Frank L. Black
Frank L. Black is listed among service records maintained by Dr. Nathaniel Royal Perkins. During World I, Dr. Perkins was employed by the draft registration board to examine young men for the draft. During this job, he befriended many servicemen and kept track of their military service during the war. Dr. Perkins died in 1922, and his widow, Clara, donated the collection to the Dorchester Historical Society in 1924.
Frank L. Black lived at 3 Oak Terrace, Dorchester
Frank Lemuel Black. By Camille Arbogast
Francis Lemuel Black, known as Frank, was born on May 30, 1892, in Roxbury. A twin, he was born just before his brother Robert, Jr.. Their parents, Robert LeBaron and Cecelia V. (McManaman), were immigrants from New Brunswick, Canada, who married in Boston in 1889. Prior to her marriage, Cecelia was a tailoress. Robert was a painter and a piano finisher before becoming an electric railway motorman. Robert and Cecelia had four other children: Cecelia L. born in 1889, William in 1896, Minnie in 1895, and Vincent in 1899.
At the time of Frank’s birth, the Blacks lived at 14 Adams Street in Roxbury. By 1895, they were living in Dorchester, residing at 5 Ballou Avenue. Five years later, they had moved a short distance to 90 Chapman Avenue (today’s Callender Street). They lived at 150 Canterbury Street (today’s American Legion Highway) at the edge of Franklin Park by 1910.
Frank attended three years of high school, then apprenticed as a machinist. By 1917, he was employed as a machinist toolmaker by the Nelson Blower & Furnace Company of 11 Elkins Street in South Boston. At that time, he was living with his family at 3 Oak Terrace (today’s Oakhurst Street).
At this point, little is known about Frank’s First World War service. On his draft registration in June, 1917, he gave his name as Frank Laurence Black and stated that he had already served four years as a Machinist in the Navy in Boston. It is likely he served in a similar capacity during the war. His obituary reported that he was a U.S. Navy veteran of World War I.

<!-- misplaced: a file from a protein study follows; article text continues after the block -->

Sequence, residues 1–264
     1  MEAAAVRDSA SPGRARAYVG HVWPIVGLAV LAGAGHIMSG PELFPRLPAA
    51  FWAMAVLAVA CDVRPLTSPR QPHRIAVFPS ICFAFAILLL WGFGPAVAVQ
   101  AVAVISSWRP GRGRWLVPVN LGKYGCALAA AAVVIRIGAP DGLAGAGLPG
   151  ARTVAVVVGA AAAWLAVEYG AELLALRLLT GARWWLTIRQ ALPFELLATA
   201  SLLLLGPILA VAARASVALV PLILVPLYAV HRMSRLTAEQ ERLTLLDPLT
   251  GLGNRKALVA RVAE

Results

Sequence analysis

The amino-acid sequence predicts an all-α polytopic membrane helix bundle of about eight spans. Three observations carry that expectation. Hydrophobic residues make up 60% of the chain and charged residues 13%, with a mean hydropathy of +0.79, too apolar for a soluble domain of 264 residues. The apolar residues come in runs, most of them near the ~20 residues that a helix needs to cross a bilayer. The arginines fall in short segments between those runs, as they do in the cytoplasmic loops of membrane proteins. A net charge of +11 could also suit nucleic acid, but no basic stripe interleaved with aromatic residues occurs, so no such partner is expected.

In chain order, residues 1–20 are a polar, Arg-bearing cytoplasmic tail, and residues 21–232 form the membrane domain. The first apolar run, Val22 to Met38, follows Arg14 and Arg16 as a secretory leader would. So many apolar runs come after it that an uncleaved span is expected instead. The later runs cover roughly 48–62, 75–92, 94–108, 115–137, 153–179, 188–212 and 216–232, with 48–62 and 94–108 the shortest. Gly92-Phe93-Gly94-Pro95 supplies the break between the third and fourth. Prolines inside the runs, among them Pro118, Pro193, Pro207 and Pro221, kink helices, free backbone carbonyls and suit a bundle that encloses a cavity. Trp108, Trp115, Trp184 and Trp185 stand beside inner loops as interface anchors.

In 1920, Frank was living at 3 Oak Terrace and working as a toolmaker at a tool company. On May 29, 1924, he married secretary Irene Fawcett at Trinity Church in Haverhill. Irene was born in Everett to English immigrant parents. John Fawcett, her father, had been a harbor pilot, guiding ocean liners through Boston harbor. At the time of his death in 1908, he was “the owner of considerable real estate in Dorchester.”
In 1930, Frank and Irene were living with her mother, Marion Fawcett, in Brighton at 1657 Commonwealth Avenue, in an apartment they rented for $50 a month. By 1935, they lived in Newton. Two years later, Frank purchased 131 Bailey Road in Somerville, a home worth $3,600 in 1940. Frank and Irene had moved to 93 Oxford Street in Arlington by 1942. In the early 1940s, in Somerville and Arlington, Irene’s brother Joseph Fawcett lived with them.
At the time of his marriage, Frank was a mechanical engineer. This was the occupation reported for him on the 1930 census. In 1940, he was a dye maker. Two years later, he worked for switch manufacturer Ucinite of 459 Watertown Street in Newtonville. At the end of his career he was a machinist at United Car Fastener.
In the late 1940s or 1950s, Frank and Irene moved to Needham. Around 1962, they relocated to Florida, living at 2107 Bayshore Gardens Parkway in Bradenton. There, Frank was a member of the Bayshore American Legion Post 217 and Irene belonged to the English Order of Odd Ladies of Massachusetts. Irene passed away in October 1966. Frank died on August 18, 1971, in Bradenton, Florida.
Birth Record, Town and City Clerks of Massachusetts. Massachusetts Vital and Town Records. Provo, UT: Holbrook Research Institute (Jay and Delene Holbrook); Ancestry.com
Robert L. Black Naturalization Papers, National Archives at Boston, Waltham, MA; Ancestry.com
1900, 1910, 1920, 1930, 1940 US Federal Census; Ancestry.com
Family Tree, Ancestry.com
World War I Selective Service System Draft Registration Cards, 1917-1918. Washington, D.C.: National Archives and Records Administration; Ancestry.com
Massachusetts Marriages, 1841-1915; FamilySearch.org
“Mourn With Family,” Boston Globe, 8 July 1908: 11; Newspapers.com
“Deeds,” Boston Globe, 21 May 1937: 39; Newspapers.com
Selective Service Registration Cards, World War II: Fourth Registration. Records of the Selective Service System, National Archives and Records Administration; Ancestry.com
“Deaths in Tampa, Other Cities on the West Coast,” Tampa Tribune, 26 Oct 1966: 13; Newspapers.com
Obituaries, Tampa Bay Times (St Petersburg, FL) 20 August 1971: 27; Newspapers.com